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Tuesday, April 12, 2011

Supermarket chains race to reopen damaged stores

Supermarket chains race to reopen damaged stores

MARC GREENHILL
Last updated 05:00 12/04/2011
 
A battle for the shopping dollar is set to heat up as two major supermarket chains race to reopen their earthquake-damaged Christchurch stores.

Progressive, which owns Countdown, FreshChoice and SuperValue, will reopen its Colombo St Countdown store tomorrow.

The Beckenham supermarket escaped structural damage in the February 22 quake, but was affected by water damage after an electrical fire.

The company's Countdown stores at Eastgate, The Palms and Ferrymead remain closed, as does Edgeware SuperValue.

Foodstuffs South Island will demolish its badly hit New World stores in St Martins and Redcliffs.

However, yesterday it confirmed plans to rebuild larger supermarkets with integrated retail shops on the sites.

The fate of the small Lyttelton Four Square store is uncertain.

The moves come as a survey of 680 Canterbury tertiary students shows a trend of people avoiding supermarkets with high-stacked shelves because of earthquake fears.

Lincoln University marketing lecturer Charley Lamb said he was surprised the perceived risk was a greater issue than accessibility to supermarkets on congested roads.

"People are reluctant to go into some of these supermarkets because they don't feel particularly safe. It's only six weeks since the earthquake, and with the aftershocks dying off, I'm sure that behaviour will modify itself."

Foodstuffs chief executive Steve Anderson said customer movement after the quake meant some stores were "over-trading" while others, mostly those near the central-city cordon, were struggling.

"We [Foodstuffs and Progressive] have both lost stores and as a result people are shopping in quite different patterns," he said.

Anderson said it would be "well into next year" before the St Martins and Redcliffs stores were rebuilt.

"In both cases, we're actively creating designs and working with [the city] council to try and get those built as quickly as possible," he said.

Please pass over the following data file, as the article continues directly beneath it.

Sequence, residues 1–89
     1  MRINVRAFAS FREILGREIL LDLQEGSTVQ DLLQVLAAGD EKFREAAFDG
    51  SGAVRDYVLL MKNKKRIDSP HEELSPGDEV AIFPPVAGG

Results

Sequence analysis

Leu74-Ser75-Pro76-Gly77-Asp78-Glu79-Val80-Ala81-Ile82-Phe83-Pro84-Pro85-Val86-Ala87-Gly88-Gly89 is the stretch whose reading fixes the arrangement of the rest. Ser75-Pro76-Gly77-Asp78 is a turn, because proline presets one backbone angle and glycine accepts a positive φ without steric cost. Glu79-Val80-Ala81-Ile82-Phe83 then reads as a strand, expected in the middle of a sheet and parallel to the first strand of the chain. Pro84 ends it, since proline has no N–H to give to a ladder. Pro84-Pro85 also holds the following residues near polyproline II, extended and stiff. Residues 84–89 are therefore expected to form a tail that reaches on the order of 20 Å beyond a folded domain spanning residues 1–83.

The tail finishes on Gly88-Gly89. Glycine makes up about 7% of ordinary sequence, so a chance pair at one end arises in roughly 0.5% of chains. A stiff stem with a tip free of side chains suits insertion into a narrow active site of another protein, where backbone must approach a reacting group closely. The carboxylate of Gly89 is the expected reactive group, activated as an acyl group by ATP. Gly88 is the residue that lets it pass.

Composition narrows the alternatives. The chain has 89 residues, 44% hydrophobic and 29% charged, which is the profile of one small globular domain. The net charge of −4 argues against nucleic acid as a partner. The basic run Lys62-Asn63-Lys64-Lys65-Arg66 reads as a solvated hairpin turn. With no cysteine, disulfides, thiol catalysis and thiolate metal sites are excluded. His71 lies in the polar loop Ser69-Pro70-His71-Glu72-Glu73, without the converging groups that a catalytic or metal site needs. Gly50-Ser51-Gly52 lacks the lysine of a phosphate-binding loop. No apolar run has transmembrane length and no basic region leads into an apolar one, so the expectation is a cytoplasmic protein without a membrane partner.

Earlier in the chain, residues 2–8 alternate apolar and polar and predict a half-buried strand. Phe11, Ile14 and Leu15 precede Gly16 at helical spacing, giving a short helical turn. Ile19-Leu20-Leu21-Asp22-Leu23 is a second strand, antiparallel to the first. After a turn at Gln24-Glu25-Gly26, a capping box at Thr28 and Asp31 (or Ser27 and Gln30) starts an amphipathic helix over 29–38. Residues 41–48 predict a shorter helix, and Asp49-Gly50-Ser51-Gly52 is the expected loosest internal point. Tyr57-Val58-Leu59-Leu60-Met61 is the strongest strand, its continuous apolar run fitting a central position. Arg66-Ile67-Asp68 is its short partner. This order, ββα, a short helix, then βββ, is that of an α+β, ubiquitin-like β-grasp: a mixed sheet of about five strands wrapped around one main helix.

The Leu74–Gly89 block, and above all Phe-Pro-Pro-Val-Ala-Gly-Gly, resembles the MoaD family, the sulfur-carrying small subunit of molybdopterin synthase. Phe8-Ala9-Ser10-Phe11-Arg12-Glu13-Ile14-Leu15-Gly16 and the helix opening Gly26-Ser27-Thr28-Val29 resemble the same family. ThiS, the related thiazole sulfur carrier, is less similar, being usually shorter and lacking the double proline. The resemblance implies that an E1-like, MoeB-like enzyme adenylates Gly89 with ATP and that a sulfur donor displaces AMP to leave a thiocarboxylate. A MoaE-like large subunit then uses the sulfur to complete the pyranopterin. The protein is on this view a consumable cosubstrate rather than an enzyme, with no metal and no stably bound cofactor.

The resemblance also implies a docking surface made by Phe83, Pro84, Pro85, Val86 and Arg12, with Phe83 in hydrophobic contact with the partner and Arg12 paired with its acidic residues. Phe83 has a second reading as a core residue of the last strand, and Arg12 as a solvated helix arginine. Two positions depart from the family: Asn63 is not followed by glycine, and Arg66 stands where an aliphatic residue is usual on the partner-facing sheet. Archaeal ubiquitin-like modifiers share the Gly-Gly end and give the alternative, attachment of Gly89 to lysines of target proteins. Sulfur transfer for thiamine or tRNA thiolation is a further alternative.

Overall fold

"Hopefully, we'll get them demolished as soon as practicable as well," he said.

The St Martins Shopping Centre, which closed after the quake, will be demolished and integrated with the new supermarket.

Foodstuffs had had plans to upgrade Redcliffs before the February 22 quake, Anderson said. "We were intending to reinvest in that supermarket in the next year or so anyway, but, obviously, now we'll be in a clear-site situation and should be able to do an even better job."

Countdown chief operating officer Dave Chambers said The Palms store was scheduled to reopen at the end of June, but Eastgate would be a "a few months" away.

A decision on Ferrymead will be made on Thursday.

He said the Ferrymead store appeared to be "quite good" on the outside, but engineers were debating the extent of the damage.

Despite the closures, the company has retained all 2250 employees in Canterbury. Some had been involved in the extensive cleanup at the Colombo St store.

"We're very hopeful that opening both [Eastgate and The Palms] stores can be achieved in that sort of time frame, but until we're three of four weeks out from the projected opening, we really won't know."

The safety of staff and customers was the priority, Chambers said.

"If that's means that we have a disadvantage, then so be it. It if means we have an advantage, we're certainly not chasing that in any way, shape or form.

"It's actually about trying to do the right thing."

Lamb expected any imbalance between the grocery chains would be "relatively small".

New World St Martins was unlikely to feel the effects of long-term closure as much as supermarkets in Redcliffs and Ferrymead, he said.

He knew of St Martins regulars who travelled as far as Halswell to remain loyal to New World.

Lamb was surprised how quiet it was at Pak 'n Save Moorhouse Ave at the weekends, while the Hornby and Northlands stores were "frantic".

"I suspect that's because [Moorhouse] doesn't have 65,000 people on its doorstep any more, but people aren't making the same efforts to go in there on Saturdays and Sundays as they were pre-earthquake either," Lamb said.

- The Press

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